Object: The scarred couch, the Auckland experience
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|Title||The scarred couch, the Auckland experience|
Clairmont, Philip (artist), 1978, Auckland
|Medium summary||oil and acrylic on hessian|
|Materials||oil paint, acrylic paint, burlap|
x 2760mm (Length)
Overall: 1635mm (Height) x 2818mm (Width) x 44mm (Depth)
|Credit line||Purchased 1978 with Ellen Eames Collection funds|
In this painting by Philip Clairmont, everyday domestic objects run amok. A couch becomes a wounded beast - its massive body convulsing, its fabric slashed open - while a naked light bulb casts a hallucinatory glow over the scene. Scarred Couch, the Auckland Experience is one of Clairmont's largest and most impressive paintings.
Domestic objects, interiors, self portraits
Clairmont often painted domestic objects and interiors. Eight of the thirteen works owned by Te Papa have titles such as Lampshade, Chair, and Window. He also painted several self-portraits. Scarred Couch has been described as a symbolic self-portrait, and the painting itself as a comment on Clairmont's experience of the Auckland art world.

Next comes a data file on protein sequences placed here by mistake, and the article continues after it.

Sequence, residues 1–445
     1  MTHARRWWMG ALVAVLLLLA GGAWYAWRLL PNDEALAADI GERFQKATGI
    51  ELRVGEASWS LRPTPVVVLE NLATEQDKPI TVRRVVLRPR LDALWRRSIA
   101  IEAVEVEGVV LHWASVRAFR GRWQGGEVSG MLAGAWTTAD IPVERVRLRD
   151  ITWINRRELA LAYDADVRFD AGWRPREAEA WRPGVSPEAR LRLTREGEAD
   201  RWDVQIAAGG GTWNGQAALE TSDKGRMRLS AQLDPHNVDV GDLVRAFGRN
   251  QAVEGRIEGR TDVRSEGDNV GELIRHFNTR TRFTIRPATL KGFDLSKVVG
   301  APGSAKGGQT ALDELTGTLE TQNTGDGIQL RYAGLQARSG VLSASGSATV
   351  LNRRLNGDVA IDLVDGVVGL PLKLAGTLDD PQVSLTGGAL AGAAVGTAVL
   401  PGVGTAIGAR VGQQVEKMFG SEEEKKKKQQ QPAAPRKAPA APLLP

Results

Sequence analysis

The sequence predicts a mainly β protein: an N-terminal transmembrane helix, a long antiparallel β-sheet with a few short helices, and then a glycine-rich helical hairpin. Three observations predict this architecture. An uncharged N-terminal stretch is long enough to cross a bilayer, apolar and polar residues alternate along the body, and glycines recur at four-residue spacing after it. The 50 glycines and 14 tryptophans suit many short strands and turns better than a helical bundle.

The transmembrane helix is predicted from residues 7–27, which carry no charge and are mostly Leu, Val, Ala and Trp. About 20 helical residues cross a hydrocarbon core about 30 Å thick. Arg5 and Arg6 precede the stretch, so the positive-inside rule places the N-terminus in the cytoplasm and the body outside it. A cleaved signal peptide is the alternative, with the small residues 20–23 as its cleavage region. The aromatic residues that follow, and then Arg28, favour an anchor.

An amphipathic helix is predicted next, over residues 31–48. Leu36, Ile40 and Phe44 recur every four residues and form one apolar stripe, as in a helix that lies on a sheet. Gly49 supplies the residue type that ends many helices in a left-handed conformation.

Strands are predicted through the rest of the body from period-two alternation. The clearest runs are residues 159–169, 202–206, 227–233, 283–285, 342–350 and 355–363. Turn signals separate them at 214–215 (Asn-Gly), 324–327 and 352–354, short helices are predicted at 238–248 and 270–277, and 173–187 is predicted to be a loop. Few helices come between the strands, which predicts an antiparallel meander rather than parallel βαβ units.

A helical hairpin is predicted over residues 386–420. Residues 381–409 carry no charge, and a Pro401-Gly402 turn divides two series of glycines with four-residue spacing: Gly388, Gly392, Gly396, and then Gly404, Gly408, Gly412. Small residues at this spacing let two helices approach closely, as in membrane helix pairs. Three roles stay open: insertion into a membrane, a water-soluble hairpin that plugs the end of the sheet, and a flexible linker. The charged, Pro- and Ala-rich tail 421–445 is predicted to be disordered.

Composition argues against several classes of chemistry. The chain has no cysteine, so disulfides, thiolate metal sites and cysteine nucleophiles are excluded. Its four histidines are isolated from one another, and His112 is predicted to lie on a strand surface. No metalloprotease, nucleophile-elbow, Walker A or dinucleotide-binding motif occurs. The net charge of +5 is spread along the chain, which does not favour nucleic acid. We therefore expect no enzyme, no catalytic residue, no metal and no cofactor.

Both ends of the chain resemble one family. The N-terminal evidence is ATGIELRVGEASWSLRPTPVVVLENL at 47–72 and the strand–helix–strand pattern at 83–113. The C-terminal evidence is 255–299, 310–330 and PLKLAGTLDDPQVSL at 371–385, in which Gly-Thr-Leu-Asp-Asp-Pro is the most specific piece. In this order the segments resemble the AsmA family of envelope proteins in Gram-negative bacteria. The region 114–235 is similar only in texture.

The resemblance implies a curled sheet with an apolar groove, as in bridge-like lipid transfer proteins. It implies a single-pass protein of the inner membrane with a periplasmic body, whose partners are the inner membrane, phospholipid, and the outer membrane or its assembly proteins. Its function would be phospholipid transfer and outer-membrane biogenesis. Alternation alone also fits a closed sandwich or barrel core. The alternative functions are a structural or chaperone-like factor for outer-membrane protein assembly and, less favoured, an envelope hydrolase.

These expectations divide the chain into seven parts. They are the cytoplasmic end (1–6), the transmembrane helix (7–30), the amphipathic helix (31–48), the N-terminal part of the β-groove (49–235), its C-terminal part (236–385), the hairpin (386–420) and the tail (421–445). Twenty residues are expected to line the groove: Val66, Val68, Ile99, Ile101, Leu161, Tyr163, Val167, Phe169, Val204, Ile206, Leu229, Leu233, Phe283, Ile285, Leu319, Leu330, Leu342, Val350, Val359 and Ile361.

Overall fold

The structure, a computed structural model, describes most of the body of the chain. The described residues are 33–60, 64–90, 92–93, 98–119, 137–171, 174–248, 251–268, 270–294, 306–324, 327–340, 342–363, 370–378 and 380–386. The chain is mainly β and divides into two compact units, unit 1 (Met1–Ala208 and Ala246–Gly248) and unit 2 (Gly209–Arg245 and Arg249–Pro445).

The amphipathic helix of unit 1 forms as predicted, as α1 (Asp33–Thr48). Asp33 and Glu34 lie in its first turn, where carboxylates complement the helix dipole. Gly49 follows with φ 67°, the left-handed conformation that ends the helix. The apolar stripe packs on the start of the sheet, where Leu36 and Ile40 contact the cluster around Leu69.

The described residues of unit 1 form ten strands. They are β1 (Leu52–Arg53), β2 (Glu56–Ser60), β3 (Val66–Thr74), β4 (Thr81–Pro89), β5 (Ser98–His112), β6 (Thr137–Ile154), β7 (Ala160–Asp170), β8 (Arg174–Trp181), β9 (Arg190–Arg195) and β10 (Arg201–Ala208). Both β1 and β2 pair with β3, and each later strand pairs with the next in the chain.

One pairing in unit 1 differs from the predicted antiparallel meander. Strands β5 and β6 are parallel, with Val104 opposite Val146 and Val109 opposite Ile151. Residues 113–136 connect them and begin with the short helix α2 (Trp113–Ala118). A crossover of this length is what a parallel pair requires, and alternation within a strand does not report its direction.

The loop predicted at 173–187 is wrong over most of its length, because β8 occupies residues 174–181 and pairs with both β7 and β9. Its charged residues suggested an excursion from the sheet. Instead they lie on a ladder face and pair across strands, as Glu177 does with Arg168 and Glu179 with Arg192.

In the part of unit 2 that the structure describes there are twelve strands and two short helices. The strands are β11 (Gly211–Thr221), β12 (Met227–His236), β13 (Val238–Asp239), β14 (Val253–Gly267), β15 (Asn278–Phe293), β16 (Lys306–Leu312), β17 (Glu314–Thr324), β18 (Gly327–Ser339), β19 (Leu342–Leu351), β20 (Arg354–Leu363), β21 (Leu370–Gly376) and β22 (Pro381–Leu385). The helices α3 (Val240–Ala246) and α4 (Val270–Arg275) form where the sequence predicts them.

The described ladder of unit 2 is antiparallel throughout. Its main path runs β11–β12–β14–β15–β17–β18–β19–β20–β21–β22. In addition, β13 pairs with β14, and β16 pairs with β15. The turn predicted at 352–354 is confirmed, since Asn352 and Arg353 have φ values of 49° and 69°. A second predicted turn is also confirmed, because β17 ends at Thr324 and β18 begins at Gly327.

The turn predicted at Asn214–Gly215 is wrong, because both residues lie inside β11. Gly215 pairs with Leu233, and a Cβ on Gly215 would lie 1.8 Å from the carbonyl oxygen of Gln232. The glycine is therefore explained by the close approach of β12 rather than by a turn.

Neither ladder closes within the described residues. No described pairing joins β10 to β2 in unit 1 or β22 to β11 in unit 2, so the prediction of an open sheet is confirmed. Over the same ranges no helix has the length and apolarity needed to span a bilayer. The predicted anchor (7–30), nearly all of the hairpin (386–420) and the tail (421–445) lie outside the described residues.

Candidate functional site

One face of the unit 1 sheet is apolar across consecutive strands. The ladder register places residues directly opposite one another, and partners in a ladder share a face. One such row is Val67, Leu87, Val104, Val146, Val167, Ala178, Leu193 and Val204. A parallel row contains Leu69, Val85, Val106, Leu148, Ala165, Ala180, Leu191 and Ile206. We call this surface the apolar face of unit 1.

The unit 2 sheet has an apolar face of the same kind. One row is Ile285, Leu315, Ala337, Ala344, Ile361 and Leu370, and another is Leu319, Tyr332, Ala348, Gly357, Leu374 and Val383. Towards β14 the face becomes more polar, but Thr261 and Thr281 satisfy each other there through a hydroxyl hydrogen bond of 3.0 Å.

Expressionism and protest
Clairmont's art was part of a resurgence of expressionist painting in the late 1970s and 1980s. Scarred Couch reflects the distortion, vivid colour, and exaggerated brushstrokes of German expressionism, which Clairmont studied while a student of Rudolf Gopas at the Canterbury College School of Art in the 1960s. A Lithuanian immigrant, Gopas worked in a style directly related to European expressionist traditions. While Scarred Couch is personal in its content, Clairmont put his expressionist style to work protesting against war, inequality, and hypocrisy. Other works address the Vietnam War and the 1981 Springbok rugby tour.
Disclaimer: This information was created from historic documentation, and may not necessarily reflect the best available knowledge about the item. Some collection images are created for identification purposes only and may not be of reproduction quality. Some images are not available due to copyright restrictions. If you have information or questions about objects in the collection, contact us using our enquiry form. You can also find out more about Collections Online.